Volume 84 - 2021 - Fasc.3 - Clinical images
Minimally invasive treatment of a bulging appendiceal orifice
A 60-year-old fecal occult blood test-positive patient
was referred to our center to undergo colonoscopy. Two
diminutive sessile polyps were detected, macroscopically
compatible with sessile serrated lesions (SSL),
which were resected using cold-snare polypectomy.
Furthermore, a bulging appendiceal orifice was identified
with mucoid appearance (Figure 1, left). Biopsies were
taken and abdominal computed tomography (CT) was
performed (Figure 1, right).
What is the diagnosis and which treatment would you
Giant duodenal polyp
A 52 year-old man was referred with a history of
anemia and fatigue. There was no melena and he was not
taking any medication
Blood analysis revealed microcytic anemia, with
a hemoglobin of 9,7 g/dl (NR 13-18 ), MCV of 65,8 fl
(NR 80-100) and serum ferritine was below 5 ng/ml
(NR 30-400) with normal coagulation.There was no
inflammation, no renal insufficiency and liver function
tests were normal. Vitamine B12 and folic acid were
He underwent endoscopic work-up. Colonoscopy
was normal. Gastroscopy revealed a large pedunculated
polyp (5x2 cm) localized in the duodenal bulb and it was
eroded on the top (Figure 1A and B). Multiple biopsies
were taken showing no abnomarlity. There was no
Helicobacter pylori nor metaplasia.
A rare complication of acute severe ulcerative colitis
A 21-year-old female with ulcerative colitis presented
with abdominal pain and bloody diarrhea. Laboratory
studies revealed markedly elevated C-reactive protein
and thrombocytosis. Flexible sigmoidoscopy revealed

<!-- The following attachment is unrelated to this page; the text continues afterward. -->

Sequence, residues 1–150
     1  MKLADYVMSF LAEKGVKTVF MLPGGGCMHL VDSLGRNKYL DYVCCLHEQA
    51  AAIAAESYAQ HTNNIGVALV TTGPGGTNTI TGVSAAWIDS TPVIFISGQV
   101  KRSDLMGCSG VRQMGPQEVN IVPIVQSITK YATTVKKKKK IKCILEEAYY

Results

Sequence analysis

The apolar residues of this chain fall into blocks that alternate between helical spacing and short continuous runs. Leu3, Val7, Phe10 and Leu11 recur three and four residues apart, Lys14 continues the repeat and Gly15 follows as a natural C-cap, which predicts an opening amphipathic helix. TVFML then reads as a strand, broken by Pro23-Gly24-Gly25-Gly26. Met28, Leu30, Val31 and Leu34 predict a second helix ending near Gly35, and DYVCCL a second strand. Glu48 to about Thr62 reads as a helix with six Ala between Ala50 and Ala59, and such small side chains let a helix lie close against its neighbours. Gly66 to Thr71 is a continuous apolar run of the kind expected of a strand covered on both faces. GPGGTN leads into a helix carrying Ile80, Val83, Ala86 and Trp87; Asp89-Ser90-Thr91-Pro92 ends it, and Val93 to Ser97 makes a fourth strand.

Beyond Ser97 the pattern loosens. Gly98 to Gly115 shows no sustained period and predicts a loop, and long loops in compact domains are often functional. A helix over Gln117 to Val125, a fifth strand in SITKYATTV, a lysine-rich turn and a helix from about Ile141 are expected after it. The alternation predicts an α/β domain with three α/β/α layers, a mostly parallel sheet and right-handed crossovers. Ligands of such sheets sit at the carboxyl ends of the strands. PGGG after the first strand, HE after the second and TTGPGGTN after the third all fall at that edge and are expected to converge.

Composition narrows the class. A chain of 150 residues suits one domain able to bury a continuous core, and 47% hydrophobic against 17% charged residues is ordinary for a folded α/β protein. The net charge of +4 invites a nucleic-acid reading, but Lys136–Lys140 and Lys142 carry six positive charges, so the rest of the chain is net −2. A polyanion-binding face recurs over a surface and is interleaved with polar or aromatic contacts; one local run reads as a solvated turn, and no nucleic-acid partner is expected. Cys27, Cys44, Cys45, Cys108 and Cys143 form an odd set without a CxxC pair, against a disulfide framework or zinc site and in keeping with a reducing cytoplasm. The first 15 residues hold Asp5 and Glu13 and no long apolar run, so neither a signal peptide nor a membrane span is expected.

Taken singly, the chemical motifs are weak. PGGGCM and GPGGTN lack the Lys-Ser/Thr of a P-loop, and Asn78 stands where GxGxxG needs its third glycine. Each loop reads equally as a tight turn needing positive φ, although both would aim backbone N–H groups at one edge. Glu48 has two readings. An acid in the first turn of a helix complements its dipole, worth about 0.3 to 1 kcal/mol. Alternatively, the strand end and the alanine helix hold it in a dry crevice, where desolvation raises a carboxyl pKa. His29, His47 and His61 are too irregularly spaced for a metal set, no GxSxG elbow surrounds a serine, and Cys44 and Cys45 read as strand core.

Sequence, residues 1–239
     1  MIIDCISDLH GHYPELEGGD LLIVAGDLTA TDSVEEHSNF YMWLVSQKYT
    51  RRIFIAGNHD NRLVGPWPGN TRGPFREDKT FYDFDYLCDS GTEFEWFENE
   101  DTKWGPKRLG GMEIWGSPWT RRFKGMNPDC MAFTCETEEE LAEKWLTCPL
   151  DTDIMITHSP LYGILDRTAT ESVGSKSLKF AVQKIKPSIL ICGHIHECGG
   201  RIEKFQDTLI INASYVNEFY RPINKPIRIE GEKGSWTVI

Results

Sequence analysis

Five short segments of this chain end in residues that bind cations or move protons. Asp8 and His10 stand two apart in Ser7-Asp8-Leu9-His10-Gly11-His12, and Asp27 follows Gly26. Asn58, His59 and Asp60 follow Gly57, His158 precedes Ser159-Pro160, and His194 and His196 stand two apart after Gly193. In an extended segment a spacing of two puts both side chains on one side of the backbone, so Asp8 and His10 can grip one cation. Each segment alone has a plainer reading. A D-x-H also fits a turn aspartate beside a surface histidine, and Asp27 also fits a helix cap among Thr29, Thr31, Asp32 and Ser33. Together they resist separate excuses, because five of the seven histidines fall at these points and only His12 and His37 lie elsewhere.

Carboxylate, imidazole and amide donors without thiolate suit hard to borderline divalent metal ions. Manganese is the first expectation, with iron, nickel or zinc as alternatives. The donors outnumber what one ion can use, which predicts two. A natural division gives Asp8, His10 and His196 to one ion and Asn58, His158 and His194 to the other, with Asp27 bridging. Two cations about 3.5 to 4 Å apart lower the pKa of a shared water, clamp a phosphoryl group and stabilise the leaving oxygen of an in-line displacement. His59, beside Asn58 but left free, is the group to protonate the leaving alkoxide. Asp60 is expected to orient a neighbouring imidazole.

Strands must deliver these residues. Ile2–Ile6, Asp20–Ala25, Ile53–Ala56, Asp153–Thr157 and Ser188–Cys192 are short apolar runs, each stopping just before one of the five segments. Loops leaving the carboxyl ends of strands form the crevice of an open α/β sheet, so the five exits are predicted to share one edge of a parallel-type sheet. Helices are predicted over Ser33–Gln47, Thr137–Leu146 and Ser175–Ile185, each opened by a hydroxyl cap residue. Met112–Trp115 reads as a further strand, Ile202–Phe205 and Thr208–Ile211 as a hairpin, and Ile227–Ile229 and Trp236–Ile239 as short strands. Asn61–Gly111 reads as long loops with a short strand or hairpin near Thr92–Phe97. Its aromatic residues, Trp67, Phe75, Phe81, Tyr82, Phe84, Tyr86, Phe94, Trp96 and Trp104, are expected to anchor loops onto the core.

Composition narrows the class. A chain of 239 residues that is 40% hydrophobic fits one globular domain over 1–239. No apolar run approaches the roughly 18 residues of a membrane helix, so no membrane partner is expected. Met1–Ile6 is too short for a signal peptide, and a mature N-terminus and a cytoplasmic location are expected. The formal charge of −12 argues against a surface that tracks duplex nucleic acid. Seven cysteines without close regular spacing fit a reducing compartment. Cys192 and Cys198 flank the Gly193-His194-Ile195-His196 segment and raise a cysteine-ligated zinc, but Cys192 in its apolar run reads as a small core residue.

severe endoscopic activity with ulceration and spontaneous
bleeding along rectum and sigmoid colon.
Ulcerative colitis had been diagnosed 3 years before,
presenting as severe and extensive disease (pancolitis).
She had previously failed therapy with infliximab and
vedolizumab and had recently started induction therapy
She responded well to intravenous corticosteroids
but, when switched to oral corticosteroids, there was
symptomatic recurrence. Intravenous corticosteroids
were re-started and she was evaluated for surgery.
At this time, she developed new-onset tachycardia.
Electrocardiogram revealed sinus tachycardia with heart
rate of approximately 120 bpm. Because tachycardia
could result from worsening colitis with potential serious
complications, abdominal computerized tomography
scan was performed and demonstrated mild lumen
dilation and wall thickening consistent with acute colitis
without evidence of pneumoperitoneum or toxic megacolon.
Surprisingly, thoracic planes revealed the presence
of free air dissecting mediastinal space (Figure 1). What
is your diagnosis?
A great mimicker of primary biliary cholangitis
A 59 year-old man without past medical history
was referred with biochemical features of cholestasis
(aspartate aminotransferase (AST) 117 U/L, alanine
aminotransferase (ALT) 83 U/L, gamma-glutamyl transferase
(GGT) 1307 U/L, alkaline phosphatase (AP) 1803
U/L, total bilirubin 0,7 mg/dL), a strongly positive antimitochondrial
M2 antibody (AMA-M2) titer (88 U),
weight loss and abdominal pain since several months. He
did not take any medications, nor there was a history of
alcohol abuse or sexual risk behavior. Upon presentation,
clinical examination showed a rather cachectic patient
(body mass index 19 kg/m²), without further abnormalities.
As primary biliary cholangitis (PBC) was
suspected, treatment with ursodeoxycholic acid had
been initiated but did not improve the cholestasis nor the
pain. Additional investigations didn’t reveal any other
irregularities, except for a mildly dilated aortic sinus root
of 42 mm. The histopathological findings of a liver biopsy
are shown below (Figure 1). This showed granulomas
with cholangitis and increased presence of neutrophils,
which raised suspicion for an infectious cause.